In the vast majority of cases taxi drivers’ earnings are directly related to the fares charged, and fare increases of the sort proposed would have led to very large increases in drivers’ earnings. In our view, increases of the magnitude that I have mentioned were quite unjustified, bearing in mind that unless steps were taken to prevent them very large increases would have been obtained by London taxi drivers at a time when other members of the working population were being expected to keep their pay increases in line with the Government’s 10 per cent. guidelines.

As for the hon. Gentleman’s second question, fares have been substantially increased since the middle of 1975. There was an increase averaging 30 per cent. in July of that year. A further increase of 10p per hiring—that is, 13 per cent.—took place in December 1976. There was a third increase of 10 per cent. in December 1977. These increases represent a total increase of 61·6 per cent. over the early months of 1975. If the effect of inflation and higher taxation is set aside, the taxi driver must be much better off than he was in early 1975.

I turn to the hon. Gentleman’s third question concerning the man who buys a new taxi and works it for 54 hours a week. I cannot confirm the hon. Gentleman’s statement, but the London taxi trade is an entirely private enterprise operation and every driver has complete freedom to choose when and where to offer his cab for hire and how many hours he shall work each week. Each driver maximises his earnings by using his knowledge and experience of the pattern of business offered and earnings will vary accordingly. The number of vehicles and drivers increases every year, as does the number of drivers who buy their own taxi. This does not appear to indicate that there is a loss on the operation.

Nevertheless, the case put forward on behalf of the taxi trade was carefully considered at several meetings with my right hon. Friend and me and the point of view of drivers was carefully considered. The Home Secretary had an important meeting on the subject last November and it became clear that it was necessary to look more deeply into the ​ basic cost structure of the industry. It was therefore decided that the Price Commission should undertake such a study.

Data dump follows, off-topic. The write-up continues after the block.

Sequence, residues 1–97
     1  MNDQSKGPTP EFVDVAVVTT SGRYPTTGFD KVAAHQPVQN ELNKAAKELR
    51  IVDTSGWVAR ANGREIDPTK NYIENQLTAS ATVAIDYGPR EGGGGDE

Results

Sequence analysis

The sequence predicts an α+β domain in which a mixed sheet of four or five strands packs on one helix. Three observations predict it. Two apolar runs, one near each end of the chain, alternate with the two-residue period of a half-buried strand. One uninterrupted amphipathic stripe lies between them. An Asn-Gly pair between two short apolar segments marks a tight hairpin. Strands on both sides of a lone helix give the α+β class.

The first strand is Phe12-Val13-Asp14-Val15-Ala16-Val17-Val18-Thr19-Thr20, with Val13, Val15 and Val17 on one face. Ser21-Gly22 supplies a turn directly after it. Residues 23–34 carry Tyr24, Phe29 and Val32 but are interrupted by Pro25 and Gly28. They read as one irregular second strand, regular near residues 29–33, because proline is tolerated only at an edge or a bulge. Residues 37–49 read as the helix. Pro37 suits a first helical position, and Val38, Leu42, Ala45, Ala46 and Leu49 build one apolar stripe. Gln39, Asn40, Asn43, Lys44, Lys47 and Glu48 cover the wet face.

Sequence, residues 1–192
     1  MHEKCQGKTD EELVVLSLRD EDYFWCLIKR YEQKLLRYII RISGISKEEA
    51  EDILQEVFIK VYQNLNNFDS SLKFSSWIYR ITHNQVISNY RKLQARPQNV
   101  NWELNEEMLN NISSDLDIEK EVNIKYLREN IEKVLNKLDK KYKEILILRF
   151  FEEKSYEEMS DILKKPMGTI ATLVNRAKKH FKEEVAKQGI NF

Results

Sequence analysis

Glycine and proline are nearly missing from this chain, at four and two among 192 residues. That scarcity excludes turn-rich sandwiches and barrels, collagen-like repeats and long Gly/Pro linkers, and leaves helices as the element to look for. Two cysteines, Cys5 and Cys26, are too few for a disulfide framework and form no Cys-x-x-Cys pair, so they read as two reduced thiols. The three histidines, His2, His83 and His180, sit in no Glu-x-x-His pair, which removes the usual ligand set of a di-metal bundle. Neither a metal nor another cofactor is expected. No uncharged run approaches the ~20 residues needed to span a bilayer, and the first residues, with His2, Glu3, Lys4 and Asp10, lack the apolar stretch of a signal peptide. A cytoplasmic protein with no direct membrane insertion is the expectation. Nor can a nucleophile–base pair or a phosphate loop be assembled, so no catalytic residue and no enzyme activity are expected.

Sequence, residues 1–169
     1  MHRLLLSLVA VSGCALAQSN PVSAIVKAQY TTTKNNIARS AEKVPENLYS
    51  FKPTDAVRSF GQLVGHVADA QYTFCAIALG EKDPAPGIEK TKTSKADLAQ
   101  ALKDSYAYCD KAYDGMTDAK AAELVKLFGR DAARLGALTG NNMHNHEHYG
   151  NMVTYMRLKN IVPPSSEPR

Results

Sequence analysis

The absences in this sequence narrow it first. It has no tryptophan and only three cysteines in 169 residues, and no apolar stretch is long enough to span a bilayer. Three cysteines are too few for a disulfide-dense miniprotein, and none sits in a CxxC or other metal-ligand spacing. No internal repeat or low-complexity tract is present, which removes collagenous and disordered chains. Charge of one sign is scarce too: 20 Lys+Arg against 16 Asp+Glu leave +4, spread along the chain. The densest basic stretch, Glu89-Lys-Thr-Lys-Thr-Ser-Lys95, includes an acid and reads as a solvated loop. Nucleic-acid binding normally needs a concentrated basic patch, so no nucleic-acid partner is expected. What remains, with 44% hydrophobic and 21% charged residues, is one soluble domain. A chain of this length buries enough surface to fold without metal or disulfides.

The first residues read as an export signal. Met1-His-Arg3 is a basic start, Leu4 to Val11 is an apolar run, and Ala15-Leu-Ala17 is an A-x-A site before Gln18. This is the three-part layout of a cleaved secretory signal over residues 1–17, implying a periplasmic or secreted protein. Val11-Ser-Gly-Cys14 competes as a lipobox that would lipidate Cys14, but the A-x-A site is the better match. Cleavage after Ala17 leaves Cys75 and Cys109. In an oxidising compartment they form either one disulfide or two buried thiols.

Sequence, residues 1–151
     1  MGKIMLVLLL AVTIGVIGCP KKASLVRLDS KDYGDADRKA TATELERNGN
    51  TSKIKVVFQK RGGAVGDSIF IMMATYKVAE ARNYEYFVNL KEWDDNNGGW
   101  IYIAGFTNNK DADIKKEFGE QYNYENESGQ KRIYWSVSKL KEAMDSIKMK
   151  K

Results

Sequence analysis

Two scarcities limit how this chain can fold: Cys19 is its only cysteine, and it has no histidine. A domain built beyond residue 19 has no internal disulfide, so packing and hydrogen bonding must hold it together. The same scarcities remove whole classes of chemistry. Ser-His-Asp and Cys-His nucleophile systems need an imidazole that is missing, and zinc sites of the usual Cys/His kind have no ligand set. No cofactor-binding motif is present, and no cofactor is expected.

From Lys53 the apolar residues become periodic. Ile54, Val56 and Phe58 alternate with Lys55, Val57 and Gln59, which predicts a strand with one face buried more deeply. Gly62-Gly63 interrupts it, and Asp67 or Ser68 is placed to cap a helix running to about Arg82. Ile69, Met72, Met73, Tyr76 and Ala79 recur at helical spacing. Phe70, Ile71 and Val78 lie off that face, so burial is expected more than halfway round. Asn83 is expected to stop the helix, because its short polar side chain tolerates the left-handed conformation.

It was also decided that this study should be extended to cover the costs and margins of both taxis and private hire cars not only in London but throughout Great Britain. This would provide a broad picture of the cost structure of the taxi and private car industry as a whole.

As my right hon. Friend the Secretary of State for Prices and Consumer Protection announced in December last, the Price Commission is now hard at work on this study and is collecting the required information. I am sure that the representatives of the London taxi trade will put before it all the relevant statistical information.

I hope that the Commission will be able to indicate what proportion of the metered fare and of extras—for example, for additional passengers and baggage—goes towards the maintenance of the vehicle, and how much is available for the driver personally. It will be important in future discussions on London taxi fares to be able to distinguish between these elements and to ensure that drivers’ earnings are not artificially inflated as a result of increases intended to compensate for rises in vehicle operating costs.

The hon. Gentleman asked two specific questions about the Price Commission. He asked for an assurance about when the Price Commission would report. My right hon. Friend the Secretary of State for Prices and Consumer Protection has directed the Price Commission to examine the prices, costs and margins of the taxi and private hire trades and to report to him not later than 30th June. I have no reason to expect other than that it will report by that date. Obviously any assurance on this score lies with my right hon. Friend.

On the subject of the recommendation of the Price Commission, I can inform the House that the Secretary of State has already told the taxi trade representatives whom he met in November last that he will carefully examine the results of the examination and will take them fully into account when reaching decisions, but that he cannot enter into any commitments about implementation.